Health is a component of and a key resource for human development. It results from a cumulative process of continuous interaction between exposures and experiences, which have an impact at both the individual and population levels, not only episodically but over time, and with trans-generational effects (1). The increase in human life expectancy by approximately 30 years over the last century provides a compelling reason to expand health-related goals beyond simple survival (2, 3).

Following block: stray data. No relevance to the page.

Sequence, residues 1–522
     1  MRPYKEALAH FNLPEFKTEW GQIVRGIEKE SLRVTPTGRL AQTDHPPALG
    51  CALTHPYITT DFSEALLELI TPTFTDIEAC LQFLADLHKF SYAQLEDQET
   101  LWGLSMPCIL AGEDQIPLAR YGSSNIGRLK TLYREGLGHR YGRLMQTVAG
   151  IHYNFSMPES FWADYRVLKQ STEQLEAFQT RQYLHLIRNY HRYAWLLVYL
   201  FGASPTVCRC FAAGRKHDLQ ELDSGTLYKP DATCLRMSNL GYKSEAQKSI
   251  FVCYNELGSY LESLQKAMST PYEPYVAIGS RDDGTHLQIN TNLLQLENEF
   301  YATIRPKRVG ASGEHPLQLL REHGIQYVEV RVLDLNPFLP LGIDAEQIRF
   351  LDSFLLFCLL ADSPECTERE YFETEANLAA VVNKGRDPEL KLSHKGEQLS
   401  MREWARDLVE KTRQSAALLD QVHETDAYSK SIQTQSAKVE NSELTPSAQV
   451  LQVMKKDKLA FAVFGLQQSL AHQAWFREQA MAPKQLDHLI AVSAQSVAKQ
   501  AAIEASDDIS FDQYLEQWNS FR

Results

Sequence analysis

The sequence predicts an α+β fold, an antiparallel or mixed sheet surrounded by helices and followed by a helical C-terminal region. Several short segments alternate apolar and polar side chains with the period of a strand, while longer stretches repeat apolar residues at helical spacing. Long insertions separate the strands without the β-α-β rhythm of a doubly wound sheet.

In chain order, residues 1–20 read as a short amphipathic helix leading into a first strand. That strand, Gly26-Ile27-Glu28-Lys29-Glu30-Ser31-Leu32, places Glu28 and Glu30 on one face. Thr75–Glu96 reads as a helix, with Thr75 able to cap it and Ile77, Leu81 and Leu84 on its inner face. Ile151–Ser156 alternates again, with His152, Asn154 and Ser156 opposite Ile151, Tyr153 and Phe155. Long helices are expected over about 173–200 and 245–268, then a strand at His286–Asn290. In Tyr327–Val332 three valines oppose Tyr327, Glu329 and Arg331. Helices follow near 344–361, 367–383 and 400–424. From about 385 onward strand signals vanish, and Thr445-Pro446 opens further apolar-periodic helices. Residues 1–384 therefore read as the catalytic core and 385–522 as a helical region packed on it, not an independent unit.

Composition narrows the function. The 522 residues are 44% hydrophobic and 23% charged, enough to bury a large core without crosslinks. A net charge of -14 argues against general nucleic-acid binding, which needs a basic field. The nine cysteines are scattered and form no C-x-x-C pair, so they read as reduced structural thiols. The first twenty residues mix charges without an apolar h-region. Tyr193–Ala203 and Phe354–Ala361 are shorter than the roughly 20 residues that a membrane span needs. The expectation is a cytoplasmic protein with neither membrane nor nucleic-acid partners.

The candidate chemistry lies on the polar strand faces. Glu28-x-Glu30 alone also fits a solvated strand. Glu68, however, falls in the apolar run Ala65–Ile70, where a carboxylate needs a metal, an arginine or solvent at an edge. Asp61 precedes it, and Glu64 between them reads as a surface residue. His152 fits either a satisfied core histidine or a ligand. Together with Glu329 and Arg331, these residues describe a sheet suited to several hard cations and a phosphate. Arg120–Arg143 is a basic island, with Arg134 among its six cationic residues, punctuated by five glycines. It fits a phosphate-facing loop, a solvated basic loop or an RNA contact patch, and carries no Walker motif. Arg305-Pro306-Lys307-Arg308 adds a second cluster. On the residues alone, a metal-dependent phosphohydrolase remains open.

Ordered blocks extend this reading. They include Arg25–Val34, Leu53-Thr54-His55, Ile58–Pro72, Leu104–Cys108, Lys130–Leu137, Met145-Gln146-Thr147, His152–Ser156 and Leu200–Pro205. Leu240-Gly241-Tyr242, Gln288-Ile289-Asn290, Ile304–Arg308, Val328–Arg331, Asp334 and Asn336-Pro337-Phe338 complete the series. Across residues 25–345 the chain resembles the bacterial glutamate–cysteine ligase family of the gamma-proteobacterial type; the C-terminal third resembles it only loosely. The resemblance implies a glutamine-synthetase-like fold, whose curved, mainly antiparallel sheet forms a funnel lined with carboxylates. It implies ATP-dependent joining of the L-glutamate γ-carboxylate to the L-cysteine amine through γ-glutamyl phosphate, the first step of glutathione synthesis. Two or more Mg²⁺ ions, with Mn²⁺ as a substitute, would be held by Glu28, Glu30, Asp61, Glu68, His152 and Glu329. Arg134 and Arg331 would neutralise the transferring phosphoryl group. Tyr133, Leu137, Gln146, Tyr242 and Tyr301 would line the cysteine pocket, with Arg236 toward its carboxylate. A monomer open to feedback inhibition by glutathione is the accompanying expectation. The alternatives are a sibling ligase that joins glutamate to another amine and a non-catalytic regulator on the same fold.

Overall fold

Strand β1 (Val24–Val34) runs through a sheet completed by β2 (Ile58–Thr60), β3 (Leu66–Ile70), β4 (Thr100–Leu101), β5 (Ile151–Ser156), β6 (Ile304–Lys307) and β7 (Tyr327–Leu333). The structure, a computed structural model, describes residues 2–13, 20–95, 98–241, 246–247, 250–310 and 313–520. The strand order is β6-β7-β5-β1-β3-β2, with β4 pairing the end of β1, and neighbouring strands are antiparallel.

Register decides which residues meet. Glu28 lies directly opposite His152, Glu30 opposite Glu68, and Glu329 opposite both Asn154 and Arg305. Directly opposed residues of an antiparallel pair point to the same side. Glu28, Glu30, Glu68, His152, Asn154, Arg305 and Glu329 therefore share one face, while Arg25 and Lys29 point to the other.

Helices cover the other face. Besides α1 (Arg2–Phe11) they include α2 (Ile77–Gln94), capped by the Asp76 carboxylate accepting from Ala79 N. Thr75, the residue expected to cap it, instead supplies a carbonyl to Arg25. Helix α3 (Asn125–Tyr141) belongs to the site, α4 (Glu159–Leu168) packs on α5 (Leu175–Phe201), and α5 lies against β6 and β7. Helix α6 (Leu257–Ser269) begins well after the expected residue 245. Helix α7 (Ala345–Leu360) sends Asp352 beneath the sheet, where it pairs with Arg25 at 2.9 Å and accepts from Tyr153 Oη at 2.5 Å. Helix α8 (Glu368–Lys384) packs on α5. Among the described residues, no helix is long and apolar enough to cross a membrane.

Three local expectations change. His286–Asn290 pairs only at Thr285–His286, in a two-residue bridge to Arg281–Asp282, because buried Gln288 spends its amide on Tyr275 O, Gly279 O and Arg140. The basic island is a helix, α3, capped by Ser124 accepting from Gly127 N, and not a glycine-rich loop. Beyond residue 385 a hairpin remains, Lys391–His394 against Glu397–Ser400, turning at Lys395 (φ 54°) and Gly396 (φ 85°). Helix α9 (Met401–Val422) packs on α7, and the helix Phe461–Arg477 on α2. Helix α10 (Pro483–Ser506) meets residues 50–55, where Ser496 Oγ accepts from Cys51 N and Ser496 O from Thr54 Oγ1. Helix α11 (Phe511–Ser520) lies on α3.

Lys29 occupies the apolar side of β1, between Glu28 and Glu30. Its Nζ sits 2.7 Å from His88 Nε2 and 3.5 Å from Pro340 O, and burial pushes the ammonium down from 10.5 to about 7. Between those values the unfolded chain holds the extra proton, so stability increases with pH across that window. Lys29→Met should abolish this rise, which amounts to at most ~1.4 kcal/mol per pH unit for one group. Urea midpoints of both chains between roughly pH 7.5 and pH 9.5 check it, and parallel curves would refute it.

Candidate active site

In the Region of the Americas, the effort to increase life expectancy has been successful; however, the increase in healthy life expectancy has not kept pace. On average, 8 of every 10 people who are born in the Region will live beyond age 60, and more than 4 in 10 will live past 80 (4). One-quarter of those who live past 80 will live with poor health (4). According to estimates, people in the Region live on average 9 years with functional limitations or disability (5). An increased lifespan, but with longer periods of illness and dependence on care provided by others, is a great burden for States, societies, and families, and a significant challenge for public health.